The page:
I FULLY AGREE there should be paramedics waiting in the cold zone, hell there should probably be multiple ambulances there along with said medics as well. Bottom line is i just don't want my life to get jeopardized because i have to babysit some paramedic that wanted to be cool so he got tactical written on his vest.
Bottom line is I won't want my life to get jeopardized because I'm going into a warm or hot zone with a bunch of armed cops, who are armed for a reason, usually to keep themselves alive (often by taking out the bad guy), but I'm not allowed be carry a firearm despite being exposed to the same threats that they are.
 

TheBestRobert

Forum Ride Along
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Trauma treatment during a fire fight should be limited to massive hemorrhage control. Everyone in the team should be trained in hemorrhage control techniques and equipment, such as applying the tourniquet. The ability to neutralize the threat is more important than advanced medical skills at this stage.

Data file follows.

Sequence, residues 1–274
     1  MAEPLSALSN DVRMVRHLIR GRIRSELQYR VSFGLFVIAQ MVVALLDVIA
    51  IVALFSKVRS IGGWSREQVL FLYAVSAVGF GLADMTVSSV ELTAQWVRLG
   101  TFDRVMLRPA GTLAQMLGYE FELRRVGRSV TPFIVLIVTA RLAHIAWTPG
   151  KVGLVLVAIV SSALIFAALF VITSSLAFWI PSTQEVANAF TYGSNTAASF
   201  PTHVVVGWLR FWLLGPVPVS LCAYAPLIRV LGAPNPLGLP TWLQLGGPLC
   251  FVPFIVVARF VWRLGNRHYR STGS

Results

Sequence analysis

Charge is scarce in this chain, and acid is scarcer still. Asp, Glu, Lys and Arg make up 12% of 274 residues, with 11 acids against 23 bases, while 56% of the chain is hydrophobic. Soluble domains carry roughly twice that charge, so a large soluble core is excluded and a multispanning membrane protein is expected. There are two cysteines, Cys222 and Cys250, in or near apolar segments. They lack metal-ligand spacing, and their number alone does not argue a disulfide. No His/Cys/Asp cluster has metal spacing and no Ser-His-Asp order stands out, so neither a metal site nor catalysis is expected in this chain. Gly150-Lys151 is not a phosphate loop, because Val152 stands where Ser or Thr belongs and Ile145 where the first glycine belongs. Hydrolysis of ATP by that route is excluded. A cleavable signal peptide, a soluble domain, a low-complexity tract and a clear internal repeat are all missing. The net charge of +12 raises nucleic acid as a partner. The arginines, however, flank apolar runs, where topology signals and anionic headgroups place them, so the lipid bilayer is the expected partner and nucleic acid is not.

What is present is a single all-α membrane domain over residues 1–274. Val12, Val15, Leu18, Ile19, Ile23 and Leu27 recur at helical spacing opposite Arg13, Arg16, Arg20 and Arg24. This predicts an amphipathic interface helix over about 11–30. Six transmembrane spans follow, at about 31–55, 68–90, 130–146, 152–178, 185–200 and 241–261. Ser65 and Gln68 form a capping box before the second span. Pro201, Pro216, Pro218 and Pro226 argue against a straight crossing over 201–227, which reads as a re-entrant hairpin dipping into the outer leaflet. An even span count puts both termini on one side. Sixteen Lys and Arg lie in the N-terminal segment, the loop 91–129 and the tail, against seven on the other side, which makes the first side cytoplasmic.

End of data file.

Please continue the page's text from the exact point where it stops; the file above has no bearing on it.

Once the imminent threat has been neutralized, and the casualty in en route to the hospital, then the medic should be performing more advanced treatments such as needle chest decompression, IV or IO, airway, etc.
So yes, the tactical medic should be armed and trained to the level of the other tactical members.
 

Tigger

Dodges Pucks
Community Leader
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Here the county's team has a paramedic on it. He is armed and went through the same training as the rest of the guys. While most truly time sensitive interventions don't need a paramedic, he takes care of all the team's medical aspects as well. He coordinates their training, works with them on personal injuries, and makes sure their missions factor in medical evac planning.